January 7, 2019
Ensure Success by Picturing It
by Lewis Fein
Insurers need not go back to the drawing board. They should go to the studio to further their message through video or photography.
Numbers may numb the senses, but that does not mean insurers should forsake the chance to achieve something that, in contrast to their current approach to marketing, can be numinous, relatively speaking, because neither a lack of communication nor communication that lacks style can yield anything of substance.
Insurers need not go back to the drawing board, when they should go to the photography studio instead: a place for photographers, artists, designers, writers, and directors—all of them working in a studio spacious enough for them to realize their vision, which itself is a study in the transformation of space. It is the conversion of space into living space—the way a studio lends itself to interpretation by way of a camera lens—that can allow insurers to further their message through the medium of video or photography.
Achieving this goal starts with finding a studio in which a room has plenty of space for invention, and reinvention. To have such a studio is to have the solution to a challenge that is otherwise a logistical mess and a financial disaster. Enter FD Photo Studio, literally or virtually, because this is where insurers can begin to turn their message into effective marketing.
I mention this disruption in how photographers do business, or how businesses can leverage a series of photography studios that have low hourly rates and a suite of equipment and services, because the biggest barrier to a shift in marketing is the refusal of most studios to change their prices—to change, period—in the face of changing needs and demands.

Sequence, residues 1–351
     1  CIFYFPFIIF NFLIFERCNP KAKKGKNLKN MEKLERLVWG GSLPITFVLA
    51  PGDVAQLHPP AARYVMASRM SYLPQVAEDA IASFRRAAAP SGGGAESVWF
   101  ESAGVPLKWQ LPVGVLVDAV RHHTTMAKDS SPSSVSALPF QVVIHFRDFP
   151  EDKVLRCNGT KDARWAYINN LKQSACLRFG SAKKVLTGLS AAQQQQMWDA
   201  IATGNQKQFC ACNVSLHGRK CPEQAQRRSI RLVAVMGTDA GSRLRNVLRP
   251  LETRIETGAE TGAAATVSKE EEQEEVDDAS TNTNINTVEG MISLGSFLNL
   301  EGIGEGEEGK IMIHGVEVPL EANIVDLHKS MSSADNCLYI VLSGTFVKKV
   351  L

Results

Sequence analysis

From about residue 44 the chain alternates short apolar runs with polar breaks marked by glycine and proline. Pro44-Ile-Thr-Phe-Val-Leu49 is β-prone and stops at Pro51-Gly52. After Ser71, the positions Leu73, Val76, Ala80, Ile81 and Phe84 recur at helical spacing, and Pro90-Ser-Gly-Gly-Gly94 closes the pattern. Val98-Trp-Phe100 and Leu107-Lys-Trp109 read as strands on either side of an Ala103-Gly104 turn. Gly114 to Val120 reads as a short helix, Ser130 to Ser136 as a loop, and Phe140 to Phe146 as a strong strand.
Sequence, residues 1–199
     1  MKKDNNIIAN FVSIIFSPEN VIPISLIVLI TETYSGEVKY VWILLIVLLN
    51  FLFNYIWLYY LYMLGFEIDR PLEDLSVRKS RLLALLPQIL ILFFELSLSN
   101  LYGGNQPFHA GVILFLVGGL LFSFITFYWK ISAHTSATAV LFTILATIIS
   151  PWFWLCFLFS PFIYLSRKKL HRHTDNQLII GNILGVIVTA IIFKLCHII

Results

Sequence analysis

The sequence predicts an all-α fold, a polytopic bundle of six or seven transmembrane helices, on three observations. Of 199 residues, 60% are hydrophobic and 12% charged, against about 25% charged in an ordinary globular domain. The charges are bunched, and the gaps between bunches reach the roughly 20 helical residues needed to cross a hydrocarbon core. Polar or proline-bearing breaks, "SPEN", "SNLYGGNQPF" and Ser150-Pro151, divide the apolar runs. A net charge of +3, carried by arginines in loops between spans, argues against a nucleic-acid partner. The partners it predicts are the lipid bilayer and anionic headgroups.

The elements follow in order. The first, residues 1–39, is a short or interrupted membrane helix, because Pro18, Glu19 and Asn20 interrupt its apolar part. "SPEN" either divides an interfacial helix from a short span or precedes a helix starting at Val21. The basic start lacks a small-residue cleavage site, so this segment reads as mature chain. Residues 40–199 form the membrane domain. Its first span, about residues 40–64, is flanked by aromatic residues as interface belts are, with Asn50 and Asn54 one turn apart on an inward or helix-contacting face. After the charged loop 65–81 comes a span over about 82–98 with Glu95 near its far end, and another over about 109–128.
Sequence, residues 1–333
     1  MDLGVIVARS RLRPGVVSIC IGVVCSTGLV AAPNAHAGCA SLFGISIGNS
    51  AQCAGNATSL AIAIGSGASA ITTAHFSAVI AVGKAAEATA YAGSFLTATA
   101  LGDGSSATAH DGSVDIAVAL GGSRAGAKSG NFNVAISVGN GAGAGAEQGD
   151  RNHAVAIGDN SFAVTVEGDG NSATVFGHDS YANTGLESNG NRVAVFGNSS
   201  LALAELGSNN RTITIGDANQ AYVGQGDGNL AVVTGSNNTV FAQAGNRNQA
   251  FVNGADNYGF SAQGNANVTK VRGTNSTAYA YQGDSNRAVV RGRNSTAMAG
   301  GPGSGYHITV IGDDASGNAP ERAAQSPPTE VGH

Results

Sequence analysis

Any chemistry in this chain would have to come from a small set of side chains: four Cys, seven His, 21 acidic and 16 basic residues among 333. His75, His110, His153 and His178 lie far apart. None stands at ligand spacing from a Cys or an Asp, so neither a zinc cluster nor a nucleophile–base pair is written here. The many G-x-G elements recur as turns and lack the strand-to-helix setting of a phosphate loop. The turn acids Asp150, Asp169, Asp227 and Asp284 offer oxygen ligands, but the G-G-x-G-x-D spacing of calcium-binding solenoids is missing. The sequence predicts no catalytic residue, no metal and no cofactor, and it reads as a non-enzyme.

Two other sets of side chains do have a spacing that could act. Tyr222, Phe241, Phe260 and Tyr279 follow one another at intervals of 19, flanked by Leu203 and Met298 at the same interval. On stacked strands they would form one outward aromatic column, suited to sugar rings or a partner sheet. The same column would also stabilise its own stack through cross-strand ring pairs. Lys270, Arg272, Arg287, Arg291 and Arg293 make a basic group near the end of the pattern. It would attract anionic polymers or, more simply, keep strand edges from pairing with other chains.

See also: 10 Essential Actions for Digital Success
With the solution now available, insurers have no reason not to banish the banal, to erase the execrable, to delete the detestable. They do, however, have every reason to express themselves visually—to have a vision that verbalizes a specific set of values—so their marketing speaks for itself.
They have to articulate what they believe.
They have to believe what they say—they have to know what they believe—so what they say is not only believable but true, so what consumers see is a picture of what insurance is, so what appears on paper or develops on-screen is the summation of a collection of ideals like honor and integrity and hope and opportunity.
That honesty is the best policy, for insurers, is both a matter of justice and a measure of goodness. To have a marketing campaign that blurs what should be clear, or to perpetuate a message that fails to clarify what is right, is neither good for business nor a good to possess.
It is bad optics, as pundits are wont to say, because it is just plain bad.
See also: Engaging Employees: Key to Success
Let insurers, therefore, resolve to make excellence a priority and professionalism a promise to keep.
Let them produce an actual snapshot of their industry, which says a lot without having to say a word; unless words are necessary; unless the words condense a thousand words into a memorable sentence; unless the sentence implies what consumers will likely infer: that insurers are great marketers.